Talk:Milton, Massachusetts

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Note: I have cleaned up this talk page by putting all of the "East Milton Irish" stuff together.SaintCyprian Talk 17:27, 24 February 2008 (UTC)


I removed the statement in the first paragraph that suggested that East Milton has a higher Irish population than the rest of Milton. The references cited did not provide any information to support this claim, and that sort of information is inappropriate for an introduction in an article about the town as a whole.SaintCyprian Talk 02:45, 22 February 2008 (UTC)

The Irish and East Milton[edit]


There is little reason to believe that the Irish of Milton are mainly in East Milton. East Milton borders Quincy, not a traditional Irish community, whereas "Northern" parts of Milton are bordering strongly Irish communities in Dorchester. I agree that the working class neighborhoods of East Milton could house a significant Irish population but it is a childish and unfair assumption that they are "mostly" in East Milton. Also, though I made the initial edit, the article Irish American claimed Marshfield, MA as the most Irish town in America with 48% of 26,000 residents as Irish. The Milton article is cited as having 38% of our 26,000 residents as Irish descent (a very similar figure), while the Marshfield, MA article lists a population of 24,200 with no emphasis on Irish descent, let alone "Most Irish". I hardly think this was malicious but it is a mistake that should be corrected and enforced.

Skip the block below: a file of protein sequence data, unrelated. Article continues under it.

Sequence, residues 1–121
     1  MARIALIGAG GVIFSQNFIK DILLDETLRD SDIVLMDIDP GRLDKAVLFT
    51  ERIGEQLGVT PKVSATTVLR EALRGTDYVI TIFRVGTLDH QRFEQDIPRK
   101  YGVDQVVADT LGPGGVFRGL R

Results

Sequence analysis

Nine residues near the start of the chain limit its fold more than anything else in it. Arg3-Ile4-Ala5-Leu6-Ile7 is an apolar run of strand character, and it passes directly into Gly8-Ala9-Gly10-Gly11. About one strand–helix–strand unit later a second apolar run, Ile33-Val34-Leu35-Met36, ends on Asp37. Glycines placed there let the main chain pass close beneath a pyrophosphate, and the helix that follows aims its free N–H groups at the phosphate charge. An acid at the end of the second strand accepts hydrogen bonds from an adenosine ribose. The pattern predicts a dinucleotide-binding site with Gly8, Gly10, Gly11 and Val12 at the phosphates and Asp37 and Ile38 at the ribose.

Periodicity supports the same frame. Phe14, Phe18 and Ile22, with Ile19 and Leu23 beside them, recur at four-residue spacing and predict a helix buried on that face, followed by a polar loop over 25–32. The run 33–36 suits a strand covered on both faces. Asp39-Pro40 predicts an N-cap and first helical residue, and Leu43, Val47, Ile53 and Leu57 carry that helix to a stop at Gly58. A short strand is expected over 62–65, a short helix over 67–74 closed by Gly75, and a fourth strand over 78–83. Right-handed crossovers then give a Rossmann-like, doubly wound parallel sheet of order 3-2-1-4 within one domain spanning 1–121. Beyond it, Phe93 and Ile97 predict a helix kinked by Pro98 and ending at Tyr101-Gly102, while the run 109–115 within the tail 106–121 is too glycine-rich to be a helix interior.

Continued (Again)[edit]

I have deleted the end of the first paragraph which states that East Milton is a working class neighborhood for two reasons. Firstly, it cannot be sufficiently proven (the citation that follows it says nothing about any part of Milton being "working class"). Secondly, I fear that the statement has not been included in order to accurately convey the truth about the town, but in order to promote the nostalgic "Irish" views of a small demographic of Milton's inhabitants (namely a few High School and College students). In other words, it is unfair to the people who actually put work into the article that the first paragraph is being hijacked by townies. Also, given the sensitivity and vagueness of the term "working class", it is inappropriate to throw it around (you can see why it might offend people who are not from East Milton to effectively imply that they do not work). Because of this I am deleting the statement. If it reappears, the article may have to be locked to prevent further vandalism.

Continued (for the last time)[edit]

  • Being a Milton native of irish decent, and also a resident of East Milton as it where, I second the notion not to include the irish heritage and East Milton romance sections until they are cited by reasonable sources. I grew up believing that the town did hold that distinction, but until that is cited in a reliable source, I will make sure it is not included. Wikipedia is not a place to romanticize the town, cited facts rule the day here. Here is the only link I found... Dough007 (talk) 04:44, 2 April 2008 (UTC)

comments by Brice44[edit]